A global mass circulation paradigm is proposed to qualitatively explain the simultaneous meridional and downward propagation of circulation anomalies that appears responsible for the annular mode variability. The meridional propagation of circulation anomalies can be viewed as an intensity variation of the zonally averaged isentropic mass circulation. When the mass circulation is weaker, the isentropic surfaces in the extratropical stratosphere (troposphere) are steeply (gently) sloped, corresponding to the positive phase of the annular mode. The cold air mass is effectively imprisoned within the polar cap when the mass circulation is weaker, responsible for warm surface temperature anomalies prevailing in the extratropics. Meanwhile, the weaker mass circulation also implies a temporary reduction of airmass supply over the polar cap, leading to a negative surface pressure anomaly. The warm anomalies brought by the stronger mass circulation cause a lowering of isentropic surfaces in the polar stratosphere, resulting in more gently sloped isentropic surfaces in the extratropical stratosphere. This corresponds to the negative phase of the annular mode in which the meridional temperature gradient in the extratropical stratosphere is weaker, accompanied with a weakened polar jet and a falling of the tropopause. The stronger warm air branch of the mass circulation aloft requires a strengthening of the compensating equatorward advancement of the surface air mass, causing massive cold air outbreaks in the extratropics. The more air mass aloft brought by the stronger mass circulation contributes to a rising of the surface pressure over the polar cap till the surface cold air moves out. This explains why the surface pressure anomalies in high latitudes are positive during the negative phase of the annular mode.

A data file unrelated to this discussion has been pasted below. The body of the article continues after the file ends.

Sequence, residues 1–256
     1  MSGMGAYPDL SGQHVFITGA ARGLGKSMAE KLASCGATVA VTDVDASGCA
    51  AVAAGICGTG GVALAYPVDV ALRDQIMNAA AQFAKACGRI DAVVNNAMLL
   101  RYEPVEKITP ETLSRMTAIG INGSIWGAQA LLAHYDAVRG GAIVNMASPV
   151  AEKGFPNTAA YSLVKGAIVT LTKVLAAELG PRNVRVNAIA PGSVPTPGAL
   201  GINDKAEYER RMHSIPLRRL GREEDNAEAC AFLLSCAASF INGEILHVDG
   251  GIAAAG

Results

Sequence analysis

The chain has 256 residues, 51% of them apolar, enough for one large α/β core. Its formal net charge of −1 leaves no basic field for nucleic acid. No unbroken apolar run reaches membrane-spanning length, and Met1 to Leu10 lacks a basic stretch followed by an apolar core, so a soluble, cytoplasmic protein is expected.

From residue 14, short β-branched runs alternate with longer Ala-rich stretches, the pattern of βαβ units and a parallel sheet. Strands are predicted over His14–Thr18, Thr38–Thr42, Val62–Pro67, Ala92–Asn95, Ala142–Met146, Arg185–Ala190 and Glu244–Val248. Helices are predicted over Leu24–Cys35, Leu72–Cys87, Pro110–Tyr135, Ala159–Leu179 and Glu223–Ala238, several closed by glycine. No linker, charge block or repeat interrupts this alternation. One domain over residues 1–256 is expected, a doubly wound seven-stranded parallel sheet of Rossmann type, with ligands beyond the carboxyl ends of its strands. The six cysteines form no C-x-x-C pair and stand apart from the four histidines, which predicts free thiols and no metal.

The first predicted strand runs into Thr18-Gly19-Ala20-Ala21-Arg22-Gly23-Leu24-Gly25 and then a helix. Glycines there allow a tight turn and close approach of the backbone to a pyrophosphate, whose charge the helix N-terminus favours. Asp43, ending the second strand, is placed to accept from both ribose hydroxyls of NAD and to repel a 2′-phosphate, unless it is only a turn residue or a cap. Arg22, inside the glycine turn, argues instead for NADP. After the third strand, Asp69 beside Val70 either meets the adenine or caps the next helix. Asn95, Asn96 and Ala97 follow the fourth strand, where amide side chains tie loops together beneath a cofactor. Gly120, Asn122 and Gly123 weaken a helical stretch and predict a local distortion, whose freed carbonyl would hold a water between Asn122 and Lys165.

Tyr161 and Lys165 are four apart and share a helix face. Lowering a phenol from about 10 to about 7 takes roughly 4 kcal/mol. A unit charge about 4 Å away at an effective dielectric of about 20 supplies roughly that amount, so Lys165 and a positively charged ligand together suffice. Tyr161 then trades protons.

The well-known apparent downward propagation of geopotential height and zonal wind anomalies into the troposphere from the stratosphere in the polar region can be explained as the local dynamic PV response to the arrival of the simultaneous poleward/downward propagating heating anomalies in the polar stratosphere and the compensating equatorward propagating tropospheric heating anomalies of the opposite sign, rather than suggesting the stratospheric origin of the anomalies. The apparent equivalent barotropic structure of the annular mode mainly results from the dynamic response to the heating anomaly that has an opposite polarity between the stratosphere and lower troposphere.

Corresponding author address: Ming Cai, Department of Meteorology, The Florida State University, Tallahassee, FL 32306. Email: cai@met.fsu.edu